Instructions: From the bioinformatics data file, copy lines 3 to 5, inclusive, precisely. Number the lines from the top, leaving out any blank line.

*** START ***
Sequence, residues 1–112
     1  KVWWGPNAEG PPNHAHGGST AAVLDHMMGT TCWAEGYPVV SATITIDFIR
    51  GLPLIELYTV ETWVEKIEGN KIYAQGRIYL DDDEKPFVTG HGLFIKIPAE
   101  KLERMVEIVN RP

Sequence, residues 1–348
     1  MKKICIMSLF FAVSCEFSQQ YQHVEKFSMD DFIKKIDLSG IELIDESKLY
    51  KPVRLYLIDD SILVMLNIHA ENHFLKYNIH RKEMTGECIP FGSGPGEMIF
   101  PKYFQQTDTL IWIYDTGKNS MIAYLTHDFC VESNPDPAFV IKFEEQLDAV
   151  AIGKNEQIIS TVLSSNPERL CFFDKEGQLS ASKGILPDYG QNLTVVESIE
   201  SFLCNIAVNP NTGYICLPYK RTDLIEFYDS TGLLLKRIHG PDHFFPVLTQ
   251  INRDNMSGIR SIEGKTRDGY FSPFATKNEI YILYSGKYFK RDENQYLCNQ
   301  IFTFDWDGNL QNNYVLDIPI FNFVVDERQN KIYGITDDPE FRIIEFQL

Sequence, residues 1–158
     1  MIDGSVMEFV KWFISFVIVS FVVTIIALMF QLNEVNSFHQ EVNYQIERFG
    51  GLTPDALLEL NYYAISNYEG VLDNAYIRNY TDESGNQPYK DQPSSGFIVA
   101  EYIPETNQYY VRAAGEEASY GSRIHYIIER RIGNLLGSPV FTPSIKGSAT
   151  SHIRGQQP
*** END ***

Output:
    51  GLPLIELYTV ETWVEKIEGN KIYAQGRIYL DDDEKPFVTG HGLFIKIPAE
   101  KLERMVEIVN RP

Sequence, residues 1–348